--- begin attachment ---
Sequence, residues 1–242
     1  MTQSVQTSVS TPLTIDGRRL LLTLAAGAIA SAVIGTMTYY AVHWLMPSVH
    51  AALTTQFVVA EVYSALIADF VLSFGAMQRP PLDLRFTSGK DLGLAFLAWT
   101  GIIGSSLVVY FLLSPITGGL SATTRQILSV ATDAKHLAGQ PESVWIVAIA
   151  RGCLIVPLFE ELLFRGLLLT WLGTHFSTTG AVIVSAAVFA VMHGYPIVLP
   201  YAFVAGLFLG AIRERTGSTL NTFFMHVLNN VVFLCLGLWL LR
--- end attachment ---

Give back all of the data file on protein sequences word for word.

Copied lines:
Sequence, residues 1–242
     1  MTQSVQTSVS TPLTIDGRRL LLTLAAGAIA SAVIGTMTYY AVHWLMPSVH
    51  AALTTQFVVA EVYSALIADF VLSFGAMQRP PLDLRFTSGK DLGLAFLAWT
   101  GIIGSSLVVY FLLSPITGGL SATTRQILSV ATDAKHLAGQ PESVWIVAIA
   151  RGCLIVPLFE ELLFRGLLLT WLGTHFSTTG AVIVSAAVFA VMHGYPIVLP
   201  YAFVAGLFLG AIRERTGSTL NTFFMHVLNN VVFLCLGLWL LR